Migraine reduction by intravenous and oral magnesium
Migraine headache can cause intense throbbing or a pulsing sensation in one area of the head and is commonly accompanied by nausea, vomiting, and extreme sensitivity to light and sound. Migraine attacks can cause significant and severe pain for hours to days and they have been associated with magnesium deficiency. Previous studies investigated the effect of intravenous and oral magnesium on acute migraine attacks and the prevention of migraine have produced equivocal findings.
To evaluate the effects of intravenous magnesium on acute migraine attacks and oral magnesium supplements on migraine prophylaxis, a meta-analysis of randomized controlled trials was conducted.
This review was conducted according to the guidelines of the PRISMA. Only RCTs which evaluated the effects of intravenous or oral magnesium on migraine compared with a group were included.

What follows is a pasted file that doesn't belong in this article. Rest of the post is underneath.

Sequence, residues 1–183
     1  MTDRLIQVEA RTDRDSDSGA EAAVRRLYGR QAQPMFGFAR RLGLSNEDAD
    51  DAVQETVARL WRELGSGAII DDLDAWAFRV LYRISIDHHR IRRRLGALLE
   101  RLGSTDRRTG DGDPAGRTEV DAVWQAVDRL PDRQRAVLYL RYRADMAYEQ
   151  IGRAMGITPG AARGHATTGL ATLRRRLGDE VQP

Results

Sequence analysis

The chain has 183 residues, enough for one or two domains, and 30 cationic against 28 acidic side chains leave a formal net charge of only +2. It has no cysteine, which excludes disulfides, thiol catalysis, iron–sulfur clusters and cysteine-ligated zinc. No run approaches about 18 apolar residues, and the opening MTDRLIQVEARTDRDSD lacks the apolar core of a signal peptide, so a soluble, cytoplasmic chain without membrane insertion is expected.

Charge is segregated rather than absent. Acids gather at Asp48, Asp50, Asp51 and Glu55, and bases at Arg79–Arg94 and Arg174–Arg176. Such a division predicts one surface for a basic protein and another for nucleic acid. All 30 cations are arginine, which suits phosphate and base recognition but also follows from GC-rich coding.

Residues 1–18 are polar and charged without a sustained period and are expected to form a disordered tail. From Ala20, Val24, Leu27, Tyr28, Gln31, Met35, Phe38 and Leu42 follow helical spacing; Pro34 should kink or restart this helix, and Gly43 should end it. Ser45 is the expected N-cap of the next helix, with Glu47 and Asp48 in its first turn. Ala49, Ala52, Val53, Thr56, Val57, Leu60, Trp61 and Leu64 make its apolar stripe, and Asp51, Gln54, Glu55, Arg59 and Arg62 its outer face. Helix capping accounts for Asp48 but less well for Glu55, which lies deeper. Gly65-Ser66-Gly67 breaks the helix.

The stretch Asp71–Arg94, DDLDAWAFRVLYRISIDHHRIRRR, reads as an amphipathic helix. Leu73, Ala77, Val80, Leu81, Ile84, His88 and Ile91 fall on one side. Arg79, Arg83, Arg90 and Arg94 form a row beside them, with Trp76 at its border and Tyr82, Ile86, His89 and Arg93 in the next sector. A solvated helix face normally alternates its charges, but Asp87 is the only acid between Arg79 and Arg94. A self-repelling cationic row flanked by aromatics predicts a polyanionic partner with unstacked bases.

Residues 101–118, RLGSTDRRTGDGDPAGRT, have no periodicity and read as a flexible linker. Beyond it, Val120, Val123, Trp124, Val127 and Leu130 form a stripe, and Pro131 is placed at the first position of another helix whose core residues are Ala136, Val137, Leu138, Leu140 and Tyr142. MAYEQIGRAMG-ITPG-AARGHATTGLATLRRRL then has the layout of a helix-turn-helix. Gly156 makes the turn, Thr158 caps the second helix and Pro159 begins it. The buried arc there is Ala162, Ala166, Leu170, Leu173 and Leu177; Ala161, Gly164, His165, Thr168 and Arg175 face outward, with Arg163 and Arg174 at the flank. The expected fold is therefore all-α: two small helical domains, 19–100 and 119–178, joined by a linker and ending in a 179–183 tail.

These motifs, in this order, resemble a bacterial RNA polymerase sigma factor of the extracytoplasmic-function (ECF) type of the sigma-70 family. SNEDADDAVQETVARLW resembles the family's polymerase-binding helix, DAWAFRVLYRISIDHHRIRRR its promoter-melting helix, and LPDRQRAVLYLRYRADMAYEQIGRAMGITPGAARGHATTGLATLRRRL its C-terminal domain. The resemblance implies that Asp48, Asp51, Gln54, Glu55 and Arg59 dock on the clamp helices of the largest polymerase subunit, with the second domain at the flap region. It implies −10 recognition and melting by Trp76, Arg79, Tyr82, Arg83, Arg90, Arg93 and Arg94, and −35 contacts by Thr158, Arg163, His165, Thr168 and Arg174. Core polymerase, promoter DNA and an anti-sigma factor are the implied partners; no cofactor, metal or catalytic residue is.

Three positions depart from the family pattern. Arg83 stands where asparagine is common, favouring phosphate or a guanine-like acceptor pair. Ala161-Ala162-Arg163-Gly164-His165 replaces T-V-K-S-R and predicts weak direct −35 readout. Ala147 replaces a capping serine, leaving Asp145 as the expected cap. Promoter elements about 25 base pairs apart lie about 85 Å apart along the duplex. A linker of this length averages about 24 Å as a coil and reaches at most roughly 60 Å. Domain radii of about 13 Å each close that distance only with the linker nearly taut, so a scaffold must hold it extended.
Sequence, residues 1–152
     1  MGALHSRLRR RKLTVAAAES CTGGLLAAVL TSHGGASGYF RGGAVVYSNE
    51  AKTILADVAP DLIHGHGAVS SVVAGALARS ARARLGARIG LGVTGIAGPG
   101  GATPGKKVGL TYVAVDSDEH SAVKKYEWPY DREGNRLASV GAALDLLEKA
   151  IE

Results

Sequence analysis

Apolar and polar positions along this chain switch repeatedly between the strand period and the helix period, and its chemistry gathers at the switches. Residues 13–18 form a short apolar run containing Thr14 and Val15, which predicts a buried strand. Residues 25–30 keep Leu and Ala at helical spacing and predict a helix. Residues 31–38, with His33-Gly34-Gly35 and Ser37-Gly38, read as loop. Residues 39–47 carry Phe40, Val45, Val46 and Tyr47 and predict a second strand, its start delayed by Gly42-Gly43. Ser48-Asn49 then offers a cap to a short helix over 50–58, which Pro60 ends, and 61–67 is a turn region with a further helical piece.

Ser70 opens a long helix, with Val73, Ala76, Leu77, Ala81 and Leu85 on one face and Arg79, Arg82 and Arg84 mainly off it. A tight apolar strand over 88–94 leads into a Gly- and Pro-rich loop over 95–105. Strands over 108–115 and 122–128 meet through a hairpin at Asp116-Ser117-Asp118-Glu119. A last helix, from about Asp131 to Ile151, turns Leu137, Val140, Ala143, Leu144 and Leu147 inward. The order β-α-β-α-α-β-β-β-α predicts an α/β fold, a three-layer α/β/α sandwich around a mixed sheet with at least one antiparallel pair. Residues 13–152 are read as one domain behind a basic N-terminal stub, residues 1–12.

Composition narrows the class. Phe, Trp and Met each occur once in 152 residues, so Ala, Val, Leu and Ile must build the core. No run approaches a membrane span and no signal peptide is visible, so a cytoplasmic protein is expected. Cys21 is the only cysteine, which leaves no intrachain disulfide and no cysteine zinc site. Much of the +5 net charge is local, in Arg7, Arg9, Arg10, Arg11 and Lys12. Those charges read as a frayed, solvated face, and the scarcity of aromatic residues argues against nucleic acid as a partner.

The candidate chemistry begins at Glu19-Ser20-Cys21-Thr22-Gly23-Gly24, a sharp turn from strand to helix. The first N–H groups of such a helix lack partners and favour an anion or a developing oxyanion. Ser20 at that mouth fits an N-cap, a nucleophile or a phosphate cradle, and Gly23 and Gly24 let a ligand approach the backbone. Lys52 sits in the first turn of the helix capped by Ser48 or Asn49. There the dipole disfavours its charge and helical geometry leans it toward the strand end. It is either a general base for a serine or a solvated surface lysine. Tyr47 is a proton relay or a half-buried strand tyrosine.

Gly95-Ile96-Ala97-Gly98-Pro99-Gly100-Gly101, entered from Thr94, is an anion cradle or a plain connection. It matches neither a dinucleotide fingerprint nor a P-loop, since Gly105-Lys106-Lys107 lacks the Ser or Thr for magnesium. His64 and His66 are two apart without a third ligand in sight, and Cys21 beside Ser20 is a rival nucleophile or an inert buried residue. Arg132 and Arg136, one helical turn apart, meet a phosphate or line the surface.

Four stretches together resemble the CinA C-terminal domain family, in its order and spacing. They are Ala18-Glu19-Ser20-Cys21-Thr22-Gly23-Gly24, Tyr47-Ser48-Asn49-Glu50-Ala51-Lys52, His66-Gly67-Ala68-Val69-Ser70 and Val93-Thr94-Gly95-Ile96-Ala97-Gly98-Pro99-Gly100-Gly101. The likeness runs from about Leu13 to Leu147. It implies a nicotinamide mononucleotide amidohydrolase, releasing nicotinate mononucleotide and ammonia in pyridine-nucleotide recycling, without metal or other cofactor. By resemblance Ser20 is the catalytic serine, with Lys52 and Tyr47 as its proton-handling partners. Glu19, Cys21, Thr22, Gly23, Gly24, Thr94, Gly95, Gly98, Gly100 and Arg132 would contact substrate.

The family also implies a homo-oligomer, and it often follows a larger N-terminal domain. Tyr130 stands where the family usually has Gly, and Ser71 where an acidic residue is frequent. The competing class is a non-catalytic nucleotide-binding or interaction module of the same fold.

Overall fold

A total of 21 studies were included in the randomized controlled trial. Among that, 11 studies investigated the effects of intravenous magnesium on acute migraine (948 participants) and 10 examined the effects of oral magnesium on migraine prophylaxis (789 patients). However, intravenous magnesium significantly relieved acute migraine within 15-45 minutes, 120 minutes and 24 hours after the initial infusion (odd ratios = 0.23, 0.20 and 0.25 respectively). Oral magnesium significantly alleviated the frequency and intensity of migraine.
After analysis, intravenous magnesium reduces acute migraine attacks within 15-45 minutes, 120 minutes and 24 hours after the initial infusion and oral magnesium alleviates the frequency and intensity of migraine. It has been concluded that intravenous and oral magnesium should be adapted as parts of multi modal approach to reduce the migraine.